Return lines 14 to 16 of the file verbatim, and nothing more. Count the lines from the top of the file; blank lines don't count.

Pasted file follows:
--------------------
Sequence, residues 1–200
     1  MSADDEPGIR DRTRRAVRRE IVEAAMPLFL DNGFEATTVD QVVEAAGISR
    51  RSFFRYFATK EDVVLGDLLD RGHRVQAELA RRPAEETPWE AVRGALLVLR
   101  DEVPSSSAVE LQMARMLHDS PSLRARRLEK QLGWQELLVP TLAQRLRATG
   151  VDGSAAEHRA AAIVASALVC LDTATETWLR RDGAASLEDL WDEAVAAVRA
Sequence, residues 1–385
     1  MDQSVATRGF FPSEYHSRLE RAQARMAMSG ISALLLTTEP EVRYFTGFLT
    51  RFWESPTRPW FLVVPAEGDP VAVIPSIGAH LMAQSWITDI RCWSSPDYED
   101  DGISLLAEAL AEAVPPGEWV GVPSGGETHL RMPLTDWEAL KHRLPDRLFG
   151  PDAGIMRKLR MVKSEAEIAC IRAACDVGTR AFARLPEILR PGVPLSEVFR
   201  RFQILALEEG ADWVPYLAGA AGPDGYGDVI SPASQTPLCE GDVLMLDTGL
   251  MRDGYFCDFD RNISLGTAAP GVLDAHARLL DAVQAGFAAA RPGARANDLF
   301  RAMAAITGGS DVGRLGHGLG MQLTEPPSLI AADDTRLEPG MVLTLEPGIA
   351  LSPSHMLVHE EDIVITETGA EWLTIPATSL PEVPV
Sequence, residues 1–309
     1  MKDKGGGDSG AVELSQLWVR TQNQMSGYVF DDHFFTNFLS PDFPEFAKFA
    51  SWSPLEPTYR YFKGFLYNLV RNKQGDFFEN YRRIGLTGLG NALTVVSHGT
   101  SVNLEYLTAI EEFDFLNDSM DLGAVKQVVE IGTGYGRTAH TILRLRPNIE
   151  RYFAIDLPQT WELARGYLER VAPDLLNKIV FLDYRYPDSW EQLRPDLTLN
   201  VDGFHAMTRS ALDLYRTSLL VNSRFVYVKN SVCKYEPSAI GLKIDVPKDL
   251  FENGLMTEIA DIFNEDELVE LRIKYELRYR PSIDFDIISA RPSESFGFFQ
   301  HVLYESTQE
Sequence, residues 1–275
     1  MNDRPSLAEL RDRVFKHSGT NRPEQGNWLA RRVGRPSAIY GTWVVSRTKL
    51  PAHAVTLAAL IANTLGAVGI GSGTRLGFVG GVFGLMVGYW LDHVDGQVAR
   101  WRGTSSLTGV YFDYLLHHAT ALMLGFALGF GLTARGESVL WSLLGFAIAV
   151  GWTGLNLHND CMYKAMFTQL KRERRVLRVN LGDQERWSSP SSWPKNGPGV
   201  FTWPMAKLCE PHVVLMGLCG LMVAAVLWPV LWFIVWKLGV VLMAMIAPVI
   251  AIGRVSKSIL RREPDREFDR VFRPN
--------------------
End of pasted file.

   351  LSPSHMLVHE EDIVITETGA EWLTIPATSL PEVPV
Sequence, residues 1–309
     1  MKDKGGGDSG AVELSQLWVR TQNQMSGYVF DDHFFTNFLS PDFPEFAKFA